“Rossania” (p. 747)

ROSSANIA.—Captain Ross since his return, as may be supposed, is quite a lion. He is, if not “the glass of fashion and the mould of form,” at least “the observed of all observers and many are the mansions anxious to be honoured with the presence of the Polar hero. Like the Chinese in Goldsmith’s ” Citizen of the World,” he is expected to say and do wonderful things—and great surprise has been occasioned by the fact of his acting much the same as he used to do. A certain dilettante dame hearing that the Captain had declared he considered an Arctic fox a dainty, actually got a cub from Leicestershire dressed for his dinner on a recent invite; and was quite astonished to see him work away at a haunch of venison instead.

“Pray, Captain Ross, (asked a city lady at dinner in Portland-place, the other evening,) did you not take any cold out in these inclement regions?” “No, madam, (replied Ross, who is a wag,) I found enough there on my arrival, I can assure you.”

“Is it a fact (inquired Sir Clod) that the whales weep?” “Not that I know of!” answered the navigator. “Bless my soul, then, (replied the civic luminary), what do they mean by saying they have so much blubber about them?”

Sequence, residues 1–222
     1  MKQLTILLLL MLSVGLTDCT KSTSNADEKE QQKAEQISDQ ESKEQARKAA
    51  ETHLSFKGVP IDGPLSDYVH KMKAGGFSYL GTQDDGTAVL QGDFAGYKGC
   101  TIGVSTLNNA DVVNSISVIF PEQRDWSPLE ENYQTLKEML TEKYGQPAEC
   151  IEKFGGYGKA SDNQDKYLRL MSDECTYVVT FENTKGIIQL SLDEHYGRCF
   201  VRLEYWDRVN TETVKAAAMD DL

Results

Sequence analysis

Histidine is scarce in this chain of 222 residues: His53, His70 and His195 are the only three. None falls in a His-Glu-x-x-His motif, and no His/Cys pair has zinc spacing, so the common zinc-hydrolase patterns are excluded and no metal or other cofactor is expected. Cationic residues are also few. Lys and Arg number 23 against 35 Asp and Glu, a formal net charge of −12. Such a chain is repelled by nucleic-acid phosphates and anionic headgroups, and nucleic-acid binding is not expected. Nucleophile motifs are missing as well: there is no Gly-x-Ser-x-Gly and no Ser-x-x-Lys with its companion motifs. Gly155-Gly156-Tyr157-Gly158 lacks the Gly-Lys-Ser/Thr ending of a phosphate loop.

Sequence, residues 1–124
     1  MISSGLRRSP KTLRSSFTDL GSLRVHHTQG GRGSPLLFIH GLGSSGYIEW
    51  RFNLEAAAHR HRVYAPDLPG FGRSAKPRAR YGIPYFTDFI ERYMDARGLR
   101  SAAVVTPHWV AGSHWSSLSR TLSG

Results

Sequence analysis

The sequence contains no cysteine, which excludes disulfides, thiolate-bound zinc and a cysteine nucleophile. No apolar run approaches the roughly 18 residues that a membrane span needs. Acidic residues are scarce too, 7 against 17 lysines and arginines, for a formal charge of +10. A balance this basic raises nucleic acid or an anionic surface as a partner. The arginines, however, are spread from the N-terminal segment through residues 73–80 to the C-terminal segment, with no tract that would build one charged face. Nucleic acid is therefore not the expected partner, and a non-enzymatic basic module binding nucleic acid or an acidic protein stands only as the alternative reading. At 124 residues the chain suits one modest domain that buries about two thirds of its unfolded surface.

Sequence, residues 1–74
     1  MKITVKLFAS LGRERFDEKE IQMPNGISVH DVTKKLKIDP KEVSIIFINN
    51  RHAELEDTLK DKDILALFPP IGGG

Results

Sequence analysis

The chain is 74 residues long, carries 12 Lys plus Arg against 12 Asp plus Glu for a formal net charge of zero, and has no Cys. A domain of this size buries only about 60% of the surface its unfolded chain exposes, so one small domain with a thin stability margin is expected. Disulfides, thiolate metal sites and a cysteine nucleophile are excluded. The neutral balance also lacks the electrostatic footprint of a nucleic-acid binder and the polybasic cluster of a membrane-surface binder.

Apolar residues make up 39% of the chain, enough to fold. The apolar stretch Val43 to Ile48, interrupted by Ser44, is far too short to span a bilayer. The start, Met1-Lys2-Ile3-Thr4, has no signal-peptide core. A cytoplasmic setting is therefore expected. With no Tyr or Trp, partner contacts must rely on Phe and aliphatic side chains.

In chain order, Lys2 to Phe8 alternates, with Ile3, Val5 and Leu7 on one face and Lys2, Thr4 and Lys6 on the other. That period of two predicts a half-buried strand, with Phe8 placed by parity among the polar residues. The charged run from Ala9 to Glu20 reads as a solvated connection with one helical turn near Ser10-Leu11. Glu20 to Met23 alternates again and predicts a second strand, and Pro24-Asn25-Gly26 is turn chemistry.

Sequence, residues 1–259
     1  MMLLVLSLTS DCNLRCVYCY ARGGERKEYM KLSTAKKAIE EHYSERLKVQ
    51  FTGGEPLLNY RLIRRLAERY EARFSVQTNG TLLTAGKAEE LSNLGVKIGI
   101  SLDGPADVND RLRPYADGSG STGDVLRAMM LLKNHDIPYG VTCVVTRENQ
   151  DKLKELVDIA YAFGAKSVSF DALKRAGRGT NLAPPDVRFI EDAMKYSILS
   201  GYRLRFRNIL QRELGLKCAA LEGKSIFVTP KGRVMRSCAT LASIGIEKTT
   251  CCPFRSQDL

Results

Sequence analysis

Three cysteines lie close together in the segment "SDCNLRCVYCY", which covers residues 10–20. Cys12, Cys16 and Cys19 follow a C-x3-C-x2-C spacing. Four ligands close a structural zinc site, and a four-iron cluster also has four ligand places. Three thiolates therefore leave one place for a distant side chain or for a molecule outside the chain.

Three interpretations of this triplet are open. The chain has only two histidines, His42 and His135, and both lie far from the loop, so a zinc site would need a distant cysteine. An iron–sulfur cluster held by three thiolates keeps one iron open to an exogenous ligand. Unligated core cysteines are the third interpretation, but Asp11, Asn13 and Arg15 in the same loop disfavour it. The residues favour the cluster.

“I suppose (said Tom Macauley, cracking an old joke of ours), you used icy-coals for cool-inary purposes.”

“Yes (rejoined Ross) ; and, moreover, we had nothing else to drink.” “That’s odd enough (said Tom, rather smartly), for by all accounts you had plenty of bruin (brewing) out there.” There is no bearing Tom’s fun. It was well known that the expedition was fitted out at the expense of Felix Booth, the distiller, who was Sheriff at the period of Ross’s departure. In compliment to his liberal patron, Ross called the land near the Pole, “Boothia.” The chief of the natives discovered in that quarter he christened “Old Tom.” The aborigines Ross describes as being a spirited race in some instances, but generally speaking, dull; in fact, says he, “I never met a rum fellow amongst them.”

“Pray (asked a parson), have they any religion or idea of the Deity?” “They have two (replied Ross); Thaw-r is worshipped in the summer, and Ice-is (Isis) in the winter.

“I should think an Esquimaux would make a capital assessor at an election,” said Sam Rogers. “How so?” asked the Captain. “Why who are better judges of the state of the Poles?” answered Sam.

But, however, this is all mere badinage. Seriously speaking, Ross declares that the discoveries he is daily making of the altered state of affairs at home, quite exceed all he made at the North Pole. His recollection of the dreadful icebergs are quite obliterated by the contemplation of the changed state of the Scotch burghs. In fact, the remembrance of his woes and troubles in the dismal Arctic regions, he assures us, are lost in the feelings of horror with which he contemplates the awful changes in the character and constitution, political and economical, of England.

“The Esquimaux, (emphatically says the Captain), if the measures of the anarchists be persisted in, will be happier in his clime of cold and darkness, than the Englishman in this, his once boasted land of freedom and prosperity.”

We believe him. The Captain has not gone “so far north” for nothing.— Age. [We don’t.—Ed.]